Books, Books, Books: Differentiated Learning
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The following titles relate to the theme of this month’s issue: Differentiated Learning
Differentiated Instructional Strategies for Science, Grades K–8
Preparing students to understand and adapt to the rapid pace of scientific and technological changes is an important educational priority. Using proven strategies for differentiating instruction, authors Gayle H. Gregory and Elizabeth Hammerman provide a blueprint for strengthening science instruction and accommodating students’ individual learning styles.
This educator-friendly resource is aligned with national science curriculum standards and includes:
Rich in content and tools, Differentiated Instructional Strategies for Science, Grades K—8 is the perfect resource to help elementary and middle school students become more creative and engaged thinkers and inquirers.
Adapting Labs and Troubleshooting, A Chapter from Help! I’m Teaching Middle School Science
A great deal of information is available on how children learn—brain research, multiple intelligence aspects, concrete versus abstract thinking, environmental stimuli, and so on—but one key feature can be gleaned from all of the studies, and that is the importance of hands-on learning. No matter what method students use to garner information, the learning process can be augmented with the inclusion of labs, activities, or simulations that mimic real-life experiences. This is especially true in the middle school science classroom.
Celebrating Cultural Diversity: Science Learning for All—An Introduction: A chapter from Celebrating Cultural Diversity: Science Learning for All
What is a “multicultural” classroom? Classrooms, even if they are filled with non-majority students, are not necessarily multicultural. There are three elements necessary for a truly multicultural science-learning environment: First, the sense that all students can learn and do science; second, the view that each student has a worthwhile place in the science classroom; and third, an appreciation for the contributions of all cultures to our scientific knowledge (Atwater, 1993; Hays, 2001). Science Learning for All: Celebrating Cultural Diversity focuses on the need for multicultural science classrooms, and addresses what makes a culturally diverse science classroom a multicultural one. This free selection features topics such as cultural inclusion, embracing diversity, and encouraging equitable enrollment. The Table of Contents, NSTA Position Statement on Multicultural Science Education, and Introduction are also included.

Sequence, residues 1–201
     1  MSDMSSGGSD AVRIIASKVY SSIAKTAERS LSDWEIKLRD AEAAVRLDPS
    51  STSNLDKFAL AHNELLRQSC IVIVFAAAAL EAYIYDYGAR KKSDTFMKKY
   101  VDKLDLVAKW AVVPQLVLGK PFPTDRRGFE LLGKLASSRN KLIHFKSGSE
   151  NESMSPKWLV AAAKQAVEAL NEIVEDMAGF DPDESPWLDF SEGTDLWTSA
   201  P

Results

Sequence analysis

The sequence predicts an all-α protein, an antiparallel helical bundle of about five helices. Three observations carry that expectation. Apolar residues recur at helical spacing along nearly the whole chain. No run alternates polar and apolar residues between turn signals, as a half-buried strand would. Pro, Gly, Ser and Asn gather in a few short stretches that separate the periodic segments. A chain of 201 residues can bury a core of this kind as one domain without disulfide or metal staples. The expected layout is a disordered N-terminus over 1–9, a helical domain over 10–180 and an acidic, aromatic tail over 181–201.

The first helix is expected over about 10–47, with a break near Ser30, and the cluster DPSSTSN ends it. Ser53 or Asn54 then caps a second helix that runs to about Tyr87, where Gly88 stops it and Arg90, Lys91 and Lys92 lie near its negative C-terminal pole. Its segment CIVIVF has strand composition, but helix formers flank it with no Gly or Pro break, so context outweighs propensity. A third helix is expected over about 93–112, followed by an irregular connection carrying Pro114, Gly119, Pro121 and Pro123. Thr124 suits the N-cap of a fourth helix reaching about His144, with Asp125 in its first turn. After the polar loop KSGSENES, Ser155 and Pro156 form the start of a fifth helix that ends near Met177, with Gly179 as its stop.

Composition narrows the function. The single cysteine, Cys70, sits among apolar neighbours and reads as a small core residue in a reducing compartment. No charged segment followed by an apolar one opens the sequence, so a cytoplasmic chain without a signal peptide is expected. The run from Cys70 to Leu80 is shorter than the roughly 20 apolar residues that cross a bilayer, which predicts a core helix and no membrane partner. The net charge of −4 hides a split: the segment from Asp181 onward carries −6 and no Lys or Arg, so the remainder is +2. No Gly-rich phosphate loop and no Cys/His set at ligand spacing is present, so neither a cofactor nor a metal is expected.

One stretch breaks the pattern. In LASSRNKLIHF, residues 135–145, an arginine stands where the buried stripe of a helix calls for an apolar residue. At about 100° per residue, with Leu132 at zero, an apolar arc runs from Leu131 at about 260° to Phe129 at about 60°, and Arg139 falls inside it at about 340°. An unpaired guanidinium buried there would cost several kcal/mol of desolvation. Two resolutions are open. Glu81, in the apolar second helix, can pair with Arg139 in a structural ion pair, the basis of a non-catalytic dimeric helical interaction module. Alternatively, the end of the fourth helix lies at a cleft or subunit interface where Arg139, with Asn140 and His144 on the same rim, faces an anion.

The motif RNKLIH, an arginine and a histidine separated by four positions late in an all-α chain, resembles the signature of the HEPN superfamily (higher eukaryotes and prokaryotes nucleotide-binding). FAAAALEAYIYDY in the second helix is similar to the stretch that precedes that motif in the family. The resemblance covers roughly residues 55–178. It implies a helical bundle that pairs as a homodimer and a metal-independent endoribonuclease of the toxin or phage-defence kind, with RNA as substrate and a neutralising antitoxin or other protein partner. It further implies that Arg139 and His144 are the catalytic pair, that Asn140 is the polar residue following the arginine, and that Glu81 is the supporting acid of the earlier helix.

Designing Effective Science Instruction: What Works in Science Classrooms
Science teachers, like all teachers, start each school year with high hopes and expectations for students to succeed. They plan their lessons, scramble to get the necessary equipment, and work hard to engage their students. However, despite good intentions and best-laid plans, not all students do well in science classes, and even fewer achieve mastery. Student performance on national and international assessments is poor, and/or more adults are unable to understand the scientific issues that affect their lives and society. Something must be done now to help science teachers put power behind their hopes and expectations for student achievement.
Designing Effective Science Instruction helps you reflect on what is working well with your current approach to designing lessons and provides recommendations for improving existing lessons or creating effective new ones, all while exploring the characteristics of high-quality science lessons. Whether you are a novice or veteran teacher, the self assessments and suggestions in this book offer guidance that encourages you to refine what you do to become a more effective science teacher.
Author Anne Tweed recommends a C-U-E framework—Content, Understanding, and Environment—demonstrating to teachers that all three elements must be part of lesson design and implementation to successfully achieve high-quality science instruction. Providing a review of the research related to each element, strategies to be incorporated into the lesson, and tools that assess teachers’ practices, this book is also of value to principals and department heads, curriculum specialists, science mentors, professional development providers, and science education professors—anyone concerned with improving science education and nurturing effective teaching.
Visit NSTA Recommends to search for other Differentiated Learning–related resources.